Zim businesses turn to solar energy

Martin Kadzere
MANY Zimbabwean small to large businesses are turning to solar energy to try and overcome one of the country’s worst challenges — prolonged electricity cuts. With the country experiencing a serious power crisis, using generators is proving to be unsustainable for many businesses given high expenses related to generators.

Since running a generator for a longer period is significantly more expensive, production input costs go up.

The costs are either passed onto customers in the form of higher prices, or are absorbed by producers in the form of lower profit margins.

Zimbabwe is only able to churn about one third of its total power capacity to the grid due to a combination of factors including dilapidated power infrastructure at one of its largest power plant, Hwange Thermal plant. Production at more stable Kariba Hydro Power plant has been seriously affected by low water level in the Lake Kariba.

Zimbabwe requires at 1 800 megawatts but as of yesterday, it was generating 576 MW.

Importing power is also a challenge as some of the regional suppliers, particularly Eskom of South Africa, is struggling to keep its generating units in service.

A scarcity of foreign currency has also resulted in Zimbabwe struggling to pay for power imports.

“We are likely to have energy deficits for some time and it is high time that we should turn to alternative sources of energy such as solar,” Mr Charles Msipa, the chief executive of Schweppes told The Herald Finance and Business in an interview.

Schweppes, one of the largest beverages firm is set to commission its 1 MW rooftop solar plant on November 25.

“Upfront (investment) is high but over time is sustainable.”

It costs about US$1 million to set up a rooftop solar plant with a life span of between 15 and 20 years.

But the amount excludes the costs of batteries, said Mr Divyajeet Mahajan, the chief executive of Distributed Power Africa, a member of Econet Group involved in solar energy installation in Zimbabwe, South African and Kenya.

The Cotton Company of Zimbabwe, Ariston Holdings and Beta Bricks are some of the big corporates that are looking at investing in solar plants to power their operations.

Chief executive of Ariston, Mr Paul Spear said while his company and many other horticultural companies could now pay electricity bills in foreign currency in exchange for ring-fenced power, his company would still focus on alternative energy sources such as solar as there was no guarantee of uninterrupted power supplies.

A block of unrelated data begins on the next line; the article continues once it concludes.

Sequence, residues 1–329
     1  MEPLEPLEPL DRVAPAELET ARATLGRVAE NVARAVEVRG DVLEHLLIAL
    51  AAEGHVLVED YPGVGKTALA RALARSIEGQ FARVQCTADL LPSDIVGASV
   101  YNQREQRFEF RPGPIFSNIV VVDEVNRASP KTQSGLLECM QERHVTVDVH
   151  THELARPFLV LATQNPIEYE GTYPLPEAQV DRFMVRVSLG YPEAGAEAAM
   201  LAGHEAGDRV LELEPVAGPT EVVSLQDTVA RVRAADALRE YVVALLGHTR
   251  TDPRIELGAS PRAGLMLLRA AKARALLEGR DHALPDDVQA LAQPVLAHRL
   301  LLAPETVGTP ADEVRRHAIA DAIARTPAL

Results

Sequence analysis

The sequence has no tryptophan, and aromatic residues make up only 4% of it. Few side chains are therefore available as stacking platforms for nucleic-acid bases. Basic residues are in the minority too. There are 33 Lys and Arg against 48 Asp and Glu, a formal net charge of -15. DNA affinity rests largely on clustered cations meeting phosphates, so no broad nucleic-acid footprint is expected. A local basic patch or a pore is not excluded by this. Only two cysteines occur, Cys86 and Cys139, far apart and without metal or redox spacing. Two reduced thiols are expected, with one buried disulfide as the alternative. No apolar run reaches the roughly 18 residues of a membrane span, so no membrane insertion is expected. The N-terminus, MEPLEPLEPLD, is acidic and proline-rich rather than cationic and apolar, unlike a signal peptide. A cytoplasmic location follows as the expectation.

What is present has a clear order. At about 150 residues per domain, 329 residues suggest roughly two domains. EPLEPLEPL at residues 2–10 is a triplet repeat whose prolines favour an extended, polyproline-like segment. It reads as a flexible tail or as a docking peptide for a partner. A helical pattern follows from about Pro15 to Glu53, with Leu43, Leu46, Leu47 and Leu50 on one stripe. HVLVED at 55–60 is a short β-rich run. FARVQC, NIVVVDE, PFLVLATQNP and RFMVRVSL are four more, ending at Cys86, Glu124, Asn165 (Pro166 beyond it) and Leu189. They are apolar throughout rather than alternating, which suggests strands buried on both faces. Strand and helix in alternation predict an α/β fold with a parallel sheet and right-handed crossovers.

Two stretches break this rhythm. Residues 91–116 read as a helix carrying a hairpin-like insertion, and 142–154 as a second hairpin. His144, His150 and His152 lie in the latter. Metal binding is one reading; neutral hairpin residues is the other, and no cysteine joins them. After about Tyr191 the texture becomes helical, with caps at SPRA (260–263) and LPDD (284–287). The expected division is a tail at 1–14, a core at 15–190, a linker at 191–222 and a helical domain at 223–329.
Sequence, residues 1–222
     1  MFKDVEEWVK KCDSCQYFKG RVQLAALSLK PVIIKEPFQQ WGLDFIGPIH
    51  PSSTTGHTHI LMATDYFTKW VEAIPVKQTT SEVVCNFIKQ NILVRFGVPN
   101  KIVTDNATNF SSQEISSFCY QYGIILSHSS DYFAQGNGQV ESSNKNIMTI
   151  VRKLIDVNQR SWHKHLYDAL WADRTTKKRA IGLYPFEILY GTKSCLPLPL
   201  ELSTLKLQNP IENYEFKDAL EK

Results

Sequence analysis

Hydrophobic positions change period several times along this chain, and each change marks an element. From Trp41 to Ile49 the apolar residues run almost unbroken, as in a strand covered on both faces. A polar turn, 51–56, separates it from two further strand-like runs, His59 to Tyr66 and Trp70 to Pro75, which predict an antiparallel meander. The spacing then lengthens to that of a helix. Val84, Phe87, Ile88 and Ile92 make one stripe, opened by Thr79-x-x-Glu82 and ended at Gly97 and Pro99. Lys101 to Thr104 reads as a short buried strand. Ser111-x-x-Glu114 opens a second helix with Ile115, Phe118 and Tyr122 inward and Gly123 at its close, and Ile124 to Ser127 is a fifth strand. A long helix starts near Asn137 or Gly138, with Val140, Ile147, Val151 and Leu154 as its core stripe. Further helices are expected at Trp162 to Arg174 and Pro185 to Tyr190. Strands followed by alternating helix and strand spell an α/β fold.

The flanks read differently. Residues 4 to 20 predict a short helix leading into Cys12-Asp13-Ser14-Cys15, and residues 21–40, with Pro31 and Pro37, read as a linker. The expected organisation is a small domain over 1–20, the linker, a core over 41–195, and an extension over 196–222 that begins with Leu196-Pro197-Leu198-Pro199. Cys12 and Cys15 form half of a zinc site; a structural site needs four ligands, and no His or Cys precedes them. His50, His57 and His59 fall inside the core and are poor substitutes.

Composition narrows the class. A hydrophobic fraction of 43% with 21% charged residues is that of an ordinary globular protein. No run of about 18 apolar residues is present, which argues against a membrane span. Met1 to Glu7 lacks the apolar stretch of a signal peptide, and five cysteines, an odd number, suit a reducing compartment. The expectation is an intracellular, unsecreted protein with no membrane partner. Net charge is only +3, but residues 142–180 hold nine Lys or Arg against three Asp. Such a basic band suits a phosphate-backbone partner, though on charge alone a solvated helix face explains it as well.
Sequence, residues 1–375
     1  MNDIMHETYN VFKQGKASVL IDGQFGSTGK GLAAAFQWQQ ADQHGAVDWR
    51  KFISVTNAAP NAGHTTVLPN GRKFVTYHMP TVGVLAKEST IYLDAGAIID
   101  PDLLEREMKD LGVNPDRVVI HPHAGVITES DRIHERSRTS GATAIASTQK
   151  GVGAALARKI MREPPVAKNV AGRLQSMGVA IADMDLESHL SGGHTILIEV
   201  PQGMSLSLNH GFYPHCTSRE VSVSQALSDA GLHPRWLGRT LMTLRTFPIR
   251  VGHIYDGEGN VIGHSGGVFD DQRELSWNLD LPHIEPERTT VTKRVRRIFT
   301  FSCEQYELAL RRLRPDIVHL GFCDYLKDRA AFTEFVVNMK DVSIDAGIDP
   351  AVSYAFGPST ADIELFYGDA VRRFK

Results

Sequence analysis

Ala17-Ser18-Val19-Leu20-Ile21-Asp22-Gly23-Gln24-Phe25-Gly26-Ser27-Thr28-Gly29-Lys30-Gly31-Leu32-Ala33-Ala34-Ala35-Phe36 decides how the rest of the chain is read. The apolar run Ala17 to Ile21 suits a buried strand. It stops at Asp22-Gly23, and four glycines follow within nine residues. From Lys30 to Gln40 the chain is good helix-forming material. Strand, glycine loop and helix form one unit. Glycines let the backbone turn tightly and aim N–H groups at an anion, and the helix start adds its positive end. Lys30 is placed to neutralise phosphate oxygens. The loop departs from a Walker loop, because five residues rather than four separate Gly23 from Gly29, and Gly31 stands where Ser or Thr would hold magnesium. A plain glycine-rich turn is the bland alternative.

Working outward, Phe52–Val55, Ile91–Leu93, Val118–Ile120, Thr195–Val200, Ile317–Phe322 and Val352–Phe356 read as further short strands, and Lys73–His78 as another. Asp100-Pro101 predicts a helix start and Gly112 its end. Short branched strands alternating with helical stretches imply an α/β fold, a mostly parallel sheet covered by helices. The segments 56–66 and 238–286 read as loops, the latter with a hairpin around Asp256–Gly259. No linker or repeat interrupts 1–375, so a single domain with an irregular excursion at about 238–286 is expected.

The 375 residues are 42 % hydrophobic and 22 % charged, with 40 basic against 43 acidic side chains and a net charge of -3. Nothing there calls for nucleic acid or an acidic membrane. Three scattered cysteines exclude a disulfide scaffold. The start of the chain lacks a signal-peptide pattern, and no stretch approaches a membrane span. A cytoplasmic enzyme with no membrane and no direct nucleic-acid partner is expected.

“We are anticipating the problem to persist for some time,” said Mr Spear.

Mr Mahajan said there was considerable interests from companies seeking to invest in solar.

The prolonged power cuts have forced several companies that cannot afford huge generator related expenses to significantly cut production hours. Households have not been spared as they sometimes endure up to 19 hours without electricity.

“The load-shedding is going to impact the economy negatively. If you think of it, a company that from one day to the next only gets a few hours of electricity a day has two options. One option is to use a generator as a substitute to electricity it was getting from Zesa, which requires buying expensive fuel but this assumes the company has access to fuel which is not a given in the Zimbabwean context,” said the IMF in a report in June.

Zimbabwe Power Company said it missed its third quarter target by 36 percent, after sending 1 505,44 GWh of energy against a target of 2 355,61 GWh.

This output is 67,48 percent below the output for the same period in 2018. Year to date, ZPC has send out 6219,28 GWh, representing a negative variance of 9,08 percent.

ZPC is expanding Hwange under a US$1 billion deal with Sino-Hydro to boost electricity production by additional 600 MW.

The old plant has since outlived its lifespan.

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